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Thread: Coexistence with Christians

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    Coexistence with Christians

    Coexistence


    It is a matter of fact that we live in a society that is predominantly Christian and has been so for over a thousand years. Non-Christian religions have had little input these past ten centuries. Until the late 17th Century, non-Christians were routinely persecuted in horrific ways. Prejudice against non-Christians survives to this day. Though mainline religions such as Judaism, Islam and Buddhism have been given a greater degree of respect by conventional society, the bias persists.

    Even if Heathenism and Paganism become thriving mainstream religions within the next two centuries, we will still be dealing with Christian culture. The influence of Christianity pervades our society. It is in literature, folk tales, entertainment and the language. Many everyday colloquialisms derive from Christian belief.

    New Heathens tend to resent any Christian references. In time, however, most learn to coexist without offense. These are the beliefs of friends, neighbors, co-workers and relatives, after all. If offense is taken, it might mean shunning the very people with whom we enjoy associating. Obviously, some kind of truce must be struck.

    The first element here is “offense.” While several branches of Christianity would consider it an offense against their god to try anything Heathen, we are not under the same restriction towards them. Our view of wrongdoing does not include a concept of “sin”. We are not evildoers if we rub shoulders with Christian beliefs. There are times when such things are unavoidable.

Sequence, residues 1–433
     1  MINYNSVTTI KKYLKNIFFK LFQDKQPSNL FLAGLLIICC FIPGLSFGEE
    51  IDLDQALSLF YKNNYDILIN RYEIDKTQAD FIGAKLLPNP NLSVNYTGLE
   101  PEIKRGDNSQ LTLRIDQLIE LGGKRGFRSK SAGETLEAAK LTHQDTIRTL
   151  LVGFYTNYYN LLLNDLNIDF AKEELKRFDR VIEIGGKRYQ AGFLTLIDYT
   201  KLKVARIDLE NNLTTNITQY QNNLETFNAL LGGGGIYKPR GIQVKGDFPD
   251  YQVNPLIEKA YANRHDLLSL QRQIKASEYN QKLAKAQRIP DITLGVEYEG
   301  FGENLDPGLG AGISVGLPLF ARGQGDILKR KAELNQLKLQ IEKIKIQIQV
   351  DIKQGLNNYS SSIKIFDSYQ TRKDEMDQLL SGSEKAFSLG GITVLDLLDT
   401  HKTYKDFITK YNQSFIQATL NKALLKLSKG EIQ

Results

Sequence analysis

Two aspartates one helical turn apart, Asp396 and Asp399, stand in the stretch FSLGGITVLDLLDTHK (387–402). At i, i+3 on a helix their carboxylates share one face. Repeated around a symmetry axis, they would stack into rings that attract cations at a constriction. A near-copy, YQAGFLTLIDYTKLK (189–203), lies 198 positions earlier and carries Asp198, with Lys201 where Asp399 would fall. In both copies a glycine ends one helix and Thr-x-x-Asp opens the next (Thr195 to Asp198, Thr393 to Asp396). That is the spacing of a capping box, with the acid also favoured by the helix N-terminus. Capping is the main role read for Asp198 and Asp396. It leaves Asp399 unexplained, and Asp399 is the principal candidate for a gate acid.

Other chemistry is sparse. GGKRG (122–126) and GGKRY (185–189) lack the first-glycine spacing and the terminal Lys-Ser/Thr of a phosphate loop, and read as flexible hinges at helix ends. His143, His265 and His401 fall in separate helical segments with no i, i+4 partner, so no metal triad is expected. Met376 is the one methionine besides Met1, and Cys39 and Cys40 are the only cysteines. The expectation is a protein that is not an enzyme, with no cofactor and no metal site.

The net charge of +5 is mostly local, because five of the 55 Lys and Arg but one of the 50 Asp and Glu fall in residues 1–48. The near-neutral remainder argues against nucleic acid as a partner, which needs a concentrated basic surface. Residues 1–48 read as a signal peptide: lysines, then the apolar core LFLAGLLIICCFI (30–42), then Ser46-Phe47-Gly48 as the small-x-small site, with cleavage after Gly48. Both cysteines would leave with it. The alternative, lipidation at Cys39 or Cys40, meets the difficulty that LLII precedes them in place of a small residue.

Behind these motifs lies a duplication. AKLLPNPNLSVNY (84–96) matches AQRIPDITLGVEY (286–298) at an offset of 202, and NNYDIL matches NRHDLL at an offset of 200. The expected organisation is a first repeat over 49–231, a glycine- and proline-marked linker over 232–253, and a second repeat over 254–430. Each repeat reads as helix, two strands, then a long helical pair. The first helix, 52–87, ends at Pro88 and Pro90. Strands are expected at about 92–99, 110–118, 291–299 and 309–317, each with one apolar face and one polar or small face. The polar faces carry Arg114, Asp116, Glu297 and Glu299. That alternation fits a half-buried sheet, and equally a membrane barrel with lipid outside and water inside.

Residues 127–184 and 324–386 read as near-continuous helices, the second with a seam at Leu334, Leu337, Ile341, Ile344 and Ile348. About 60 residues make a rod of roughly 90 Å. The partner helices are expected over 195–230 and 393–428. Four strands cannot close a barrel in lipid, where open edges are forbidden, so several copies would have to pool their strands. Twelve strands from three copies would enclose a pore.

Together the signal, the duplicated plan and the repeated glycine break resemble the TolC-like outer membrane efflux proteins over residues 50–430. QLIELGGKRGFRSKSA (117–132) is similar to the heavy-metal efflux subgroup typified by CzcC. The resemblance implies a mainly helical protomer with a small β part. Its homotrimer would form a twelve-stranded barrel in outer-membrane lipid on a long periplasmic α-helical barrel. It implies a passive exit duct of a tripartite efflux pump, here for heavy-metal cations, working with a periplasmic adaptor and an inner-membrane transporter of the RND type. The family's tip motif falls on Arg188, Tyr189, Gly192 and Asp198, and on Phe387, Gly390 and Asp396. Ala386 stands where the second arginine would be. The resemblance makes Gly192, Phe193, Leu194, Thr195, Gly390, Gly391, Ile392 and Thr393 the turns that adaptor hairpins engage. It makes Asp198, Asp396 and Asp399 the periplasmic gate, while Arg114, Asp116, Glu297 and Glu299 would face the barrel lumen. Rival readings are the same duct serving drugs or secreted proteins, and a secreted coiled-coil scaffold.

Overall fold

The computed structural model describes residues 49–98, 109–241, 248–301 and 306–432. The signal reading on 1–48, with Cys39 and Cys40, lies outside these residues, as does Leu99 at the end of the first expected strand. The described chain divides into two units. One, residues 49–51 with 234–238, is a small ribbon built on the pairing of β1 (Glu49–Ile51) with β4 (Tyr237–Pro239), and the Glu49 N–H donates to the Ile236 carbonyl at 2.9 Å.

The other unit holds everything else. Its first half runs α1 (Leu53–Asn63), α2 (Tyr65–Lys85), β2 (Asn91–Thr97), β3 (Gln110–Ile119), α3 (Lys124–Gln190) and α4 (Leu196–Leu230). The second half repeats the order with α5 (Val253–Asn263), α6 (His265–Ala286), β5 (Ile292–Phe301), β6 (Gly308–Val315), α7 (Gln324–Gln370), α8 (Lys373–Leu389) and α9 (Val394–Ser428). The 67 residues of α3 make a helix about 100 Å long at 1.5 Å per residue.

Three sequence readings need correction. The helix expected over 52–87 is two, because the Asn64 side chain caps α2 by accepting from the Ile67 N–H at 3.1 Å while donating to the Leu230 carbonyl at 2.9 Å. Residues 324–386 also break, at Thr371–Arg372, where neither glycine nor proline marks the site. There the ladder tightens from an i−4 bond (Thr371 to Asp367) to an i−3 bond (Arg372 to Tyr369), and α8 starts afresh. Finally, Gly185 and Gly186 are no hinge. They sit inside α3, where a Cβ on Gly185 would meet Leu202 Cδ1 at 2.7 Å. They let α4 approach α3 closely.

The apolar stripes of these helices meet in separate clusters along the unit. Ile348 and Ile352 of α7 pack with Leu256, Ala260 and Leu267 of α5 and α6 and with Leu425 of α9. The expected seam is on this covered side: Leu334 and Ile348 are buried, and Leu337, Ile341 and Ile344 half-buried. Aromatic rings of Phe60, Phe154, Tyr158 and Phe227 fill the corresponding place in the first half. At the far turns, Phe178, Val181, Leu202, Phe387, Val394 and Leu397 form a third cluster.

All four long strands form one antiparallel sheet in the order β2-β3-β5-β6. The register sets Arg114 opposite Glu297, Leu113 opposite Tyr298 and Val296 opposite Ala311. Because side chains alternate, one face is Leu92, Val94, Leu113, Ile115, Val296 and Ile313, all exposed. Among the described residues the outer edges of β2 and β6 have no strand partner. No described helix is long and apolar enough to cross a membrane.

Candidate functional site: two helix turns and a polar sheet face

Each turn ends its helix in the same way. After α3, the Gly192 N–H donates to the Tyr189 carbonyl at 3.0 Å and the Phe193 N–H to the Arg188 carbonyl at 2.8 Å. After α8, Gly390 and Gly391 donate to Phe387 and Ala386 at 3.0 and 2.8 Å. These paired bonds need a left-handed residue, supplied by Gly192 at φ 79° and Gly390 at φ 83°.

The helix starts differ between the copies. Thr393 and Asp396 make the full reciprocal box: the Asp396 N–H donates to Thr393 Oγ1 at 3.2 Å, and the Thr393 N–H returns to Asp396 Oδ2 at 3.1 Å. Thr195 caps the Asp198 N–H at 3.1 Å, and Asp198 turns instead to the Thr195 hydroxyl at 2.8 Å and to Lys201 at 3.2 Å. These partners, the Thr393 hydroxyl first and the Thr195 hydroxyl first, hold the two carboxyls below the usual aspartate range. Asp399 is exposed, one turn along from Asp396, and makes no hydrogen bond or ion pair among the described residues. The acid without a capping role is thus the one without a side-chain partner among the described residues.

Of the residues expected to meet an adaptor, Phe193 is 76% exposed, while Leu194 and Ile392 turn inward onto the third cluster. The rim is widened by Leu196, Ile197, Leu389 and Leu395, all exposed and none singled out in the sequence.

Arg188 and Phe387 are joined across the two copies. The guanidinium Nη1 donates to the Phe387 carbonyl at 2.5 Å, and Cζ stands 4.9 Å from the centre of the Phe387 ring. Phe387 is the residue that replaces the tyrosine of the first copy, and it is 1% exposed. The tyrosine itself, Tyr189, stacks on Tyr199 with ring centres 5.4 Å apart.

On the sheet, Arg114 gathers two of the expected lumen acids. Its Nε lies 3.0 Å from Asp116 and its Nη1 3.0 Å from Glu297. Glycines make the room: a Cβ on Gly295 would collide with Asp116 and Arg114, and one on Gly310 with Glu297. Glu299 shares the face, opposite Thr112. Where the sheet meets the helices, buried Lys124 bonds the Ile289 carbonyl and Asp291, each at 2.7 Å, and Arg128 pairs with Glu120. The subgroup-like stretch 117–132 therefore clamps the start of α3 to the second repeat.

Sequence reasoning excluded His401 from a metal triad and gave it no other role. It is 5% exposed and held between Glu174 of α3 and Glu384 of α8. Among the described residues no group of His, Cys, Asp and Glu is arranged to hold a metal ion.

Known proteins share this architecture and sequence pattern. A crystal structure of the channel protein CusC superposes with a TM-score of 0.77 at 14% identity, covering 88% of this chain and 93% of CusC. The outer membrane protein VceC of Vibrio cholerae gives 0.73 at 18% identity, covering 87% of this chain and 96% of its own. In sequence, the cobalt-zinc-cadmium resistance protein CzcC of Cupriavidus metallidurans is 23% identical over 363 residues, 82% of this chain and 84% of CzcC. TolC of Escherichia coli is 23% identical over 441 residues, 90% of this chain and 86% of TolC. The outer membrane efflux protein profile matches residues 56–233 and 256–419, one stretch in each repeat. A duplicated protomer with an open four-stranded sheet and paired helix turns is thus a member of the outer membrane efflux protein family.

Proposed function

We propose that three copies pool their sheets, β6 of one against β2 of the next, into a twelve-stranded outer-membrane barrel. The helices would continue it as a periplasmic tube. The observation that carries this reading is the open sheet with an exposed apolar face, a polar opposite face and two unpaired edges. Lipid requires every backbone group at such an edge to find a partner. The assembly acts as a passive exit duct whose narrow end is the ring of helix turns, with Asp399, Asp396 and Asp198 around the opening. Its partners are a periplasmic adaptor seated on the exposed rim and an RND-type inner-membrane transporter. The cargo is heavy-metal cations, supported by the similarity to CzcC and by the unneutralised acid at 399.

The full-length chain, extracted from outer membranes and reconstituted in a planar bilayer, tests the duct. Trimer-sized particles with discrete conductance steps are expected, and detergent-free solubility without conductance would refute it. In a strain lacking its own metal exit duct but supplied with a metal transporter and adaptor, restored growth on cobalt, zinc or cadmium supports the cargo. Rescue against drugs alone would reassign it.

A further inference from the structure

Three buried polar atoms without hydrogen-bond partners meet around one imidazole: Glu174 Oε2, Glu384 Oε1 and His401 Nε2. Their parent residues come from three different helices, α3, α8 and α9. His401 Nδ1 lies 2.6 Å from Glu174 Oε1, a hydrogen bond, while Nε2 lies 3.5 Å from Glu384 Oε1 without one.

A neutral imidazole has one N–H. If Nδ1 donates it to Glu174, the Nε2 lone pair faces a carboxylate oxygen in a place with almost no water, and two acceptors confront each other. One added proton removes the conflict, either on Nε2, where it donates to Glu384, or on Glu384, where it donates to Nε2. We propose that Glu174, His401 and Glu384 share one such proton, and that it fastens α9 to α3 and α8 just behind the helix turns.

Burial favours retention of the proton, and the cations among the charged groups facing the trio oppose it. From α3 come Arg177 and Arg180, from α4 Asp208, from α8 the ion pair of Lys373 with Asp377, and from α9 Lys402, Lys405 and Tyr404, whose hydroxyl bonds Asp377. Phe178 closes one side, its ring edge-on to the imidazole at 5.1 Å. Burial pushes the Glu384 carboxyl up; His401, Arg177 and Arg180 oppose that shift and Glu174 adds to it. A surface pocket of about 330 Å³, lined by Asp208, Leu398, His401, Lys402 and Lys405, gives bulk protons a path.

Life in our society includes events such as weddings, wakes and funerals. These are often done under the auspices of religion. Weddings and funerals are frequently held in churches where they are treated as religious ceremonies. Do we avoid these events altogether? No. There is no wrong in our going to a wedding or funeral, even if it is part of someone else’s religious ceremony. We are going there out of respect for the celebrants or the departed. No matter how we feel about their religious choices, we ought to act in a matter that honors them. The Heathen should not act in a way that calls attention to himself, no matter how he feels about the church or ceremony. Christians might bristle at the thought of being at a Heathen ceremony, but not Heathens. The issue for us is honoring someone, and so that comes first. The Gods understand that doing so may entail joining in strange rites. What matters is not their ritual or prayers, but in giving honor. From the Heathen standpoint, honoring a friend outweighs any other indignities.